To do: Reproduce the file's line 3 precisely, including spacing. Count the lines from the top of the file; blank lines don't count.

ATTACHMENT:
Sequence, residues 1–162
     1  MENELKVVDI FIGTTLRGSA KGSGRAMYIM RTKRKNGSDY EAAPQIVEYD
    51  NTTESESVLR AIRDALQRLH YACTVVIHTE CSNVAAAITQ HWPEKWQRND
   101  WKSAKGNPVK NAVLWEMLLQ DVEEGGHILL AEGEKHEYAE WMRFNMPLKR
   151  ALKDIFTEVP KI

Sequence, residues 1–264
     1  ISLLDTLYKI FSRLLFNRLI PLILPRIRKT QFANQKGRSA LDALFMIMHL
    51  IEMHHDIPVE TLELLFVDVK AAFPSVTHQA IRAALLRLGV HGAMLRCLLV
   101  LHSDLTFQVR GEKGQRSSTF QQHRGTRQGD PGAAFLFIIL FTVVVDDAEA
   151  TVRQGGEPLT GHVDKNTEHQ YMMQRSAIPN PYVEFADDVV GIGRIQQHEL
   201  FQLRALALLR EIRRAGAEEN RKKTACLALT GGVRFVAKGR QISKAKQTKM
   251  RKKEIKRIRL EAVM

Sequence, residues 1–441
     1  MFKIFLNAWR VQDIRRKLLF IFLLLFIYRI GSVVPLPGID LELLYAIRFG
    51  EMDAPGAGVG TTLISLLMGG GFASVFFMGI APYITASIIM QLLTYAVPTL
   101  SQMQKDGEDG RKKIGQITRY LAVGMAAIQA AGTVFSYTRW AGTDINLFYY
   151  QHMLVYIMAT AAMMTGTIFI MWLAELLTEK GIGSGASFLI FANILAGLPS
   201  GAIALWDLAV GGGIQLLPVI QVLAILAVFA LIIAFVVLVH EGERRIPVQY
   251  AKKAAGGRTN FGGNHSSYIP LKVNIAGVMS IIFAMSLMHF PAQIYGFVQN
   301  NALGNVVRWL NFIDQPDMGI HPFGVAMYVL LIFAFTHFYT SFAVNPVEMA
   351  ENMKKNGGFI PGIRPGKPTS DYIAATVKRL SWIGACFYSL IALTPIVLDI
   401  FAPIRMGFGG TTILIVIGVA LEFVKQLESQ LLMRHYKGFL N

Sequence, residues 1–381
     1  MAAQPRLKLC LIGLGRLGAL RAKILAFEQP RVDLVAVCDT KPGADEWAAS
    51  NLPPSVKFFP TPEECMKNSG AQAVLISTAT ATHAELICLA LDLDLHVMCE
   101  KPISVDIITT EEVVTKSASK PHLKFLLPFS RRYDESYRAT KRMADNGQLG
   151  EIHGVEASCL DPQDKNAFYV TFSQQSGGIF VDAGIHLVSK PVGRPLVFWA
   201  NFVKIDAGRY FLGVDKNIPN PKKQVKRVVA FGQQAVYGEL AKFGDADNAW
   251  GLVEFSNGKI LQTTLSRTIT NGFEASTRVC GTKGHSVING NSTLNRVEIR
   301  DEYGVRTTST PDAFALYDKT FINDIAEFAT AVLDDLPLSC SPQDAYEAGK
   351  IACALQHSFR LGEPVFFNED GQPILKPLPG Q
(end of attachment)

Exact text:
    51  NTTESESVLR AIRDALQRLH YACTVVIHTE CSNVAAAITQ HWPEKWQRND